Moreover, the result should be in terms of the variables in (f args).
        bool operator()(app * lhs, expr * rhs, expr * const * args, expr_ref & new_rhs);
           \brief Return true if \c i is an instance of \c t.
        bool operator()(expr * t, expr * i);

    ast_manager &       m_manager;
    match_subst         m_match_subst;
    basic_simplifier_plugin & m_bsimp;
    fwd_idx_map         m_fwd_idx;
    back_idx_map        m_back_idx;
    demodulator2lhs_rhs m_demodulator2lhs_rhs;
    expr_ref_buffer     m_todo;
    obj_hashtable<expr> m_processed;
    ptr_vector<expr>    m_new_args;

    expr_ref_buffer     m_rewrite_todo;
    rewrite_cache_map   m_rewrite_cache;
    expr_ref_buffer     m_new_exprs;
    void insert_fwd_idx(expr * large, expr * small, quantifier * demodulator);
    void remove_fwd_idx(func_decl * f, quantifier * demodulator);
    bool check_fwd_idx_consistency(void);
    void show_fwd_idx(std::ostream & out);
    bool is_demodulator(expr * e, expr_ref & large, expr_ref & small) const;
    bool can_rewrite(expr * n, expr * lhs);
    expr * rewrite(expr * n);
    bool rewrite1(func_decl * f, ptr_vector<expr> & m_new_args, expr_ref & np);
    bool rewrite_visit_children(app * a);
    void rewrite_cache(expr * e, expr * new_e, bool done);
    void reschedule_processed(func_decl * f);
    void reschedule_demodulators(func_decl * f, expr * np);
    unsigned max_var_id(expr * e);
    // is_smaller returns -1 for e1<e2, 0 for e1==e2 and +1 for e1>e2.
    virtual int is_smaller(expr * e1, expr * e2) const; 

    // is_subset returns -1 for e1 subset e2, +1 for e2 subset e1, 0 else.
    virtual int is_subset(expr * e1, expr * e2) const; 

    ufbv_rewriter(ast_manager & m, basic_simplifier_plugin & p);
    virtual ~ufbv_rewriter();
    void operator()(unsigned n, expr * const * exprs, proof * const * prs, expr_ref_vector & new_exprs, proof_ref_vector & new_prs);

      Given a demodulator (aka rewrite rule) of the form
      Forall X. L[X] = R[X]
      We say the top symbol is the first symbol in L.
      For example: f is the top symbol in
      Forall x, f(h(x)) = x + 1

      The rewrite engine main loop is based on the DISCOUNT loop used in first-order theorem provers.
      Main structures:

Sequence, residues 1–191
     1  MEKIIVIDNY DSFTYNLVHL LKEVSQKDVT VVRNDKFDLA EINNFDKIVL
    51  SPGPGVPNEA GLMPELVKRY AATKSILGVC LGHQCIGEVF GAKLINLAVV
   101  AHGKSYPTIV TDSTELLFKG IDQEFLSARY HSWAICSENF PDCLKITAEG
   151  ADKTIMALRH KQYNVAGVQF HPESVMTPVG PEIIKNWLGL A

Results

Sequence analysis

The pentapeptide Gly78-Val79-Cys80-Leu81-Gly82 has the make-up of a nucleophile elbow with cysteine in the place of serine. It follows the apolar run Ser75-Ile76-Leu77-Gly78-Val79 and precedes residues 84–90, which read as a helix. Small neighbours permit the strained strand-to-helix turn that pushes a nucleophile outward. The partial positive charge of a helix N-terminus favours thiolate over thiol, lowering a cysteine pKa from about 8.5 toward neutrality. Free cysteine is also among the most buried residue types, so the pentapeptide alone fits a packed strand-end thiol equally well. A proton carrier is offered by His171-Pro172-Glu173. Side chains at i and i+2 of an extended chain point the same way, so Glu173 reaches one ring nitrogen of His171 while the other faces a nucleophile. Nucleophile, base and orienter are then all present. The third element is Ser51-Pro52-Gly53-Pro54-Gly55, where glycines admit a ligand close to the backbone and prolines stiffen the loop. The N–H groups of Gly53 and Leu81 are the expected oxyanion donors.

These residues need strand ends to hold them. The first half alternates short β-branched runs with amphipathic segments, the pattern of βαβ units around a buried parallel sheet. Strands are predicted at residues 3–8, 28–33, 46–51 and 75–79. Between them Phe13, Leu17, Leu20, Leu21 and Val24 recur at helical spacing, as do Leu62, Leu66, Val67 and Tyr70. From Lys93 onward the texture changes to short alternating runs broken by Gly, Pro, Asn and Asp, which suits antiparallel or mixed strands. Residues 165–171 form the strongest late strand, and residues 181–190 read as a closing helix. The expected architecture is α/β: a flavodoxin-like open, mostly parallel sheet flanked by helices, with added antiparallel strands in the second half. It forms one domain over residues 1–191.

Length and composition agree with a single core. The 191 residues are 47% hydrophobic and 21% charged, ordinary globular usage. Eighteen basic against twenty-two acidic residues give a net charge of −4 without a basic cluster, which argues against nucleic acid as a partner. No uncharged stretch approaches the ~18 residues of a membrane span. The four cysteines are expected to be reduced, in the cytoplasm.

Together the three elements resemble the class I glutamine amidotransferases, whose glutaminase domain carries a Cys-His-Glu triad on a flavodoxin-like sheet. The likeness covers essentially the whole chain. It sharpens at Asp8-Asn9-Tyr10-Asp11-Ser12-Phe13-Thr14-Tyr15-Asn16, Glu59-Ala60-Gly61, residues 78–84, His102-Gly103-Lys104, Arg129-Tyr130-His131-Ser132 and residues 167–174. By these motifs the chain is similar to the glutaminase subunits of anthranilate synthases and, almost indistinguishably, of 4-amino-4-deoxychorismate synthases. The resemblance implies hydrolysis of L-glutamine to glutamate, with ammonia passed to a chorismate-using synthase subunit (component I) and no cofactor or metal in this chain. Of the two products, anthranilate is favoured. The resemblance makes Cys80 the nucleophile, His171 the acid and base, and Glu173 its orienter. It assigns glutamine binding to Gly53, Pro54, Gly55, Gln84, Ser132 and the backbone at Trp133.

- m_todo:          The todo-stack of formulas to be processed.
      - m_fwd_idx:       "Forward index" for finding efficiently which demodulators can be used to rewrite an expression.
                         We organize this set as a mapping from func_decl to a set of demodulators which start with the same top symbol.
      - m_processed:     The set of already processed formulas. We can represent it using a hashtable.
      - m_back_idx:      "Backward index" we use it to find efficiently which already processed expressions and demodulators may be rewritten
                         by a new demodulator. Again, we use a very simple index, for each uninterpreted function symbol (ignore constants)
                         f, store the expressions in m_processed and the demodulators that contain f.
                         If you prefer, you may use two m_back_idxs (one for formulas in m_processed and another for demodulators in m_fwd_idx).

      Initially, m_todo contains all formulas. That is, it contains the argument exprs. m_fwd_idx, m_processed, m_back_idx are empty.

      while (m_todo is not empty) {
        let n be the next formula in m_todo.
        rewrite n using m_fwd_idx, and let n' be the result.
        // at this point, it should be the case that there is no demodulator in m_fwd_idx that can rewrite n'.
        if (n' is not a demodulator) {
          insert n' into m_processed
          update m_back_idx (traverse n' and for each uninterpreted function declaration f in n' add the entry f->n' to m_back_idx)
        else {
            let f be the top symbol of n'
            use m_back_idx to find all formulas p in m_processed that contains f {
               remove p from m_processed
               remove p from m_back_idx
               insert p into m_todo
            use m_back_idx to find all demodulators d in m_fwd_idx that contains f {
               if n' can rewrite d { 
                  // this is a quick check, we just traverse d and check if there is an expression in d that is an instance of lhs of n'.
                  // we cannot use the trick used for m_processed, since the main loop would not terminate.
                  remove d from m_fwd_idx
                  remode d from m_back_idx
                  insert p into m_todo
            insert n' into m_fwd_idx
            update m_back_idx
     the result is the contents of m_processed + all demodulators in m_fwd_idx.

     Note: to remove p from m_back_idx, we need to traverse p, and for every function declartion f in p, we should remove the entry f->p from m_back_idx.
     Note: we can implement m_back_idx for formulas as:
         typedef obj_hashtable<expr> expr_set;
         obj_map<func_decl, expr_set *> m_back_idx;
         we should represent the sets as hashtables because we want to be able to efficiently remove elements from these sets.
         ptr_vector<expr_set>           m_expr_set_to_delete; // same trick we used in macro_manager.
         we can use a similar structure for m_back_idx and m_fwd_idx for demodulators.
     Note: m_processed should be obj_hashtable<expr> since we want to remove elements from there efficiently.

#endif /* _UFBV_REWRITER_H_ */